KNOWLTON.WORK celebrates student work from the 2019-2020 academic year at the Knowlton School of Architecture at The Ohio State University.




UG2    UG3    UG4    G1    G2    G3






Aisha Cheema, Brenna Bierman, Andrew King and Zachary Slonsky
DESIGN FICTIONS OF THE FUTURE

“Speculative architects mostly create narratives about social, environmental, political and technological issues to see and test how these influences shape our thinking of space, culture and future societies. Our studio attempts to imagine new forms of agency within these territories. Design fictions are embedded with a whole lot of experimentation to construct images of future realities or opportunities in contrast to present realities. These experimentations can serve a range of territories...”

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SPRING 2020
UG4 OPTIONS STUDIO

Sandhya Kochar & 
Dow Kimbrell






Eleanor Lewis
FALL UG3

“From the naturally lit classrooms of the late-nineteenth century, to the open plan schools of the mid-twentieth century to the “campfires and caves” of today’s project-based learning environments, pedagogy and architecture go hand in hand. This project—a design for a Lower School—includes form, space, material, and environment as integral ingredients for a richly-imagined place for learning...students are asked to explore the tensions between collective order and individual autonomy on a variety of scales—unit and assembly, building and site, teachers and students, education and society...”

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FALL 2019
UG3 CORE STUDIO

Blostein
Diles
Gargus
Graf
Scavnicky
Wandel





Isaac Hamblin

SPRING UG2 

“This project explores the formal relationship between an object and its container. Students began by working through the development of three containers each with a different function: storage, reveal, and display. They used these formal design experiments to develop techniques to describe new relationships between interiors and exteriors. The result was the development of a display pavilion on the Vitra Campus in Weil am Rhein, Germany...”

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FALL 2019
UG2 CORE STUDIO

Bigham
Herrmann
Orchard
Scavnicky
Wilke




Patrick Sardo
PUBLIC WATER STUDIO: PREPARING TOLEDO FOR CLIMATE REFUGE
 

“Public Water Studio considers how architects can leverage ambiguities within the text of the Great Lakes Compact to design the future of industrial development in the Great Lakes Watershed with the enrichment of the public in mind. Public Water Studio investigates the possible mechanics of the Great Lakes megalopolis as a climate refuge, holding 20% of the world’s and 90% of the United States’ fresh water. The aquatic riches, and the relative stability of those riches, has the potential to invert the typical cycle of corporate prestige projects, with cities extracting concessions from future urban developments to prioritize the public good.”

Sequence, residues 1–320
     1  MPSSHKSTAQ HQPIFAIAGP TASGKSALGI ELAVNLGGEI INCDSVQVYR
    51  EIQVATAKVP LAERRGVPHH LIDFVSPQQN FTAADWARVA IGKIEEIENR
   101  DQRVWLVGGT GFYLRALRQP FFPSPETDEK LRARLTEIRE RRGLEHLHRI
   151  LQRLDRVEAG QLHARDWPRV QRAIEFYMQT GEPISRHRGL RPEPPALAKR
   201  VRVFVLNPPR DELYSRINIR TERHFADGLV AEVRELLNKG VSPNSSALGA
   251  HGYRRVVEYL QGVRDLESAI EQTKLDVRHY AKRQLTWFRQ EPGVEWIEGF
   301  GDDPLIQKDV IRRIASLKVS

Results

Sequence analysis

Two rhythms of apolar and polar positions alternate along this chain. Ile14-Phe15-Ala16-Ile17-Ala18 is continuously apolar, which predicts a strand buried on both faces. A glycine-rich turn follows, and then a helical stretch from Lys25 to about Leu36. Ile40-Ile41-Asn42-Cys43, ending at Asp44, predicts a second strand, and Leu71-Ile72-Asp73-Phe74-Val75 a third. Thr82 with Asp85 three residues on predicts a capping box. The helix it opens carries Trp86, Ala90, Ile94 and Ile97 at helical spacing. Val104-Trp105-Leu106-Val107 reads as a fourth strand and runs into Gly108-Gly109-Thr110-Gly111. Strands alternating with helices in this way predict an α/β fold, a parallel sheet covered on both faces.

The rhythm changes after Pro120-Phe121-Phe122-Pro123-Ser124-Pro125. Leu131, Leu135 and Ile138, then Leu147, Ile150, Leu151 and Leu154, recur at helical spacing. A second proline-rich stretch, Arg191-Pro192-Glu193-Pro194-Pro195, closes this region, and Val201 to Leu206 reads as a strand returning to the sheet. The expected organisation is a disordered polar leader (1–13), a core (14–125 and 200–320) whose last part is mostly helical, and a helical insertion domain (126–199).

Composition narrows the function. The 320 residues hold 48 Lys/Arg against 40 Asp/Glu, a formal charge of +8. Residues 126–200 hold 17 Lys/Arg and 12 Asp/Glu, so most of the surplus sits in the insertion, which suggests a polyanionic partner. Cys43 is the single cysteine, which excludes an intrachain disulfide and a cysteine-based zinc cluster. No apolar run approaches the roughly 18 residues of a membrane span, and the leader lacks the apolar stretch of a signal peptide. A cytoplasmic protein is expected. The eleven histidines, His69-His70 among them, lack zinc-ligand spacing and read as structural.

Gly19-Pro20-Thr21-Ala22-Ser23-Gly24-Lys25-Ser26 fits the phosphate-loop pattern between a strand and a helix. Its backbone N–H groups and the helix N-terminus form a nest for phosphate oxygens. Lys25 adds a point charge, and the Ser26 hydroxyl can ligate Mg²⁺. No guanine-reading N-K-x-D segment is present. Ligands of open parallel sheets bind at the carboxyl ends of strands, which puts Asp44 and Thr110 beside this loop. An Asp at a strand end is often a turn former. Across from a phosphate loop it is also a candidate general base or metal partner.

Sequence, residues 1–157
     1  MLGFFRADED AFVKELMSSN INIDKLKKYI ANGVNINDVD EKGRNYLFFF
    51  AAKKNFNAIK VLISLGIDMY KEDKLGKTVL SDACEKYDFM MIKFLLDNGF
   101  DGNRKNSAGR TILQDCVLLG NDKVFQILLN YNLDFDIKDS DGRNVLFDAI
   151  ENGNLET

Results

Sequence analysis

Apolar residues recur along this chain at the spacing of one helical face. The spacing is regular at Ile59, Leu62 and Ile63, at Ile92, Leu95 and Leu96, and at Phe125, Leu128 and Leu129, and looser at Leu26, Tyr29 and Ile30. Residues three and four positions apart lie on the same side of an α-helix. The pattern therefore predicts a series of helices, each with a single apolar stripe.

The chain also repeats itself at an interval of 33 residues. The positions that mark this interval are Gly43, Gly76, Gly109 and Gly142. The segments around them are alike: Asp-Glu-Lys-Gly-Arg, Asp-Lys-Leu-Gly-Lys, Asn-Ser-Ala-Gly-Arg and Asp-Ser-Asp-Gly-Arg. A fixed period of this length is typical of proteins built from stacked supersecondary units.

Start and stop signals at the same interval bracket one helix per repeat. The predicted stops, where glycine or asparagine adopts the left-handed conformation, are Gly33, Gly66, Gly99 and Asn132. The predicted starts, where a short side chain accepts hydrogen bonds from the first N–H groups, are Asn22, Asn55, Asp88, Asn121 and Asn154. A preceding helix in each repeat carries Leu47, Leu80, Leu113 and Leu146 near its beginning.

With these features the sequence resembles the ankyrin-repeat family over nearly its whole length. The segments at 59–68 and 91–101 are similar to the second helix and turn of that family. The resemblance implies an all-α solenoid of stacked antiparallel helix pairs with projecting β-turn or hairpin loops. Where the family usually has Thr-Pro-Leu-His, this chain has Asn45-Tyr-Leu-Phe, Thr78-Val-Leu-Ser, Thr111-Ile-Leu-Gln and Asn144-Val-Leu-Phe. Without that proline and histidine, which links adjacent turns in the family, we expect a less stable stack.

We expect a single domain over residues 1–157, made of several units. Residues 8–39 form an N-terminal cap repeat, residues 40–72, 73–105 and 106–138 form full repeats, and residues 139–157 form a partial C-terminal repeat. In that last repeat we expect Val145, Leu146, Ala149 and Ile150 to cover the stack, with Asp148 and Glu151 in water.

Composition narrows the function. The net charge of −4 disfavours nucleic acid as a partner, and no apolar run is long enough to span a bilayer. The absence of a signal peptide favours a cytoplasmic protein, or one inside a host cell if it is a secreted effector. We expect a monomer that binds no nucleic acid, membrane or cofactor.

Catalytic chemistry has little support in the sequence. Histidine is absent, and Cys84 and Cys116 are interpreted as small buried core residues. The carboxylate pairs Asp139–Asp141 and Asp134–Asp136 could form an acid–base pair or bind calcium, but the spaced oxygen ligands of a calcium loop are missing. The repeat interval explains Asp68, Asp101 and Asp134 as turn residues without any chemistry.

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SPRING 2020
UG4 OPTIONS STUDIO

Galen Pardee,  LeFevre Fellow




Rachel Schmitmeyer, Sydeney Strawser, Kristen Perng

Rachel Schmitmeyer, Sydeney Strawser, Kristen Perng
GUI COMPETITION:  RANCHO LA BREA TAR PITS MUSEUM AND HANCOCK PARK
 
“The 2019 Gui Studio project invited students to reconsider the design of the existing La Brea Tar Pits Museum and its adjacent landscape. Los Angeles is home to the largest working oil field in the United States, and the history of local oil exploitation is linked to this cultural landscape. Invited proposals for the new La Brea Museum and grounds have resulted in the selection of a proposal by Weiss Manfredi.”

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FALL 2019
UG4 CORE STUDIO

Cañizares

Lewis
Jones
Pendleton-Julian
Roth
Turk









Rafael Armendariz
THING INSIDE A THING INSIDE A THING INSIDE A THING

“This studio focuses on form generation and the relationship between exterior and interior spaces. Techniques that are three-dimensional and offer alternatives to the dependency on orthographic projections (i.e., plans, sections) as the generative documents in architecture are explored. Studies move to projects with complex programs where success is contingent on the ability to translate form and interiority into a dynamic, cohesive building that balances public and private programs. Development will move from the diagrammatic to focus on the perceptual experience of the project...”

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FALL 2019
G2 CORE STUDIO

Herrmann
Kochar







Megan Pettner, Rachel Seifert and Bailey Shurtleff
A SEMI-URBAN DESTINATION DISTILLERY

“Architecture as a profession is increasingly confronted with numerous demands in its quest for substantiation, from economic and environmental uncertainties to the narrow constraints of building codes. Architectural form, in its resistance of, neutrality towards, or submission to these demands is implicated.  Seen as limitations to exuberance, these under-appreciated constituents (and their associated institutions and conventions), are often left out of the academic design studio where formal novelty is promoted and validated.  While not fully rejecting this assumption, this Comprehensive Studio will bring into question the relationship between form and innovation as it pertains to architecture’s obligations as a cultural endeavor as well as a service profession. ”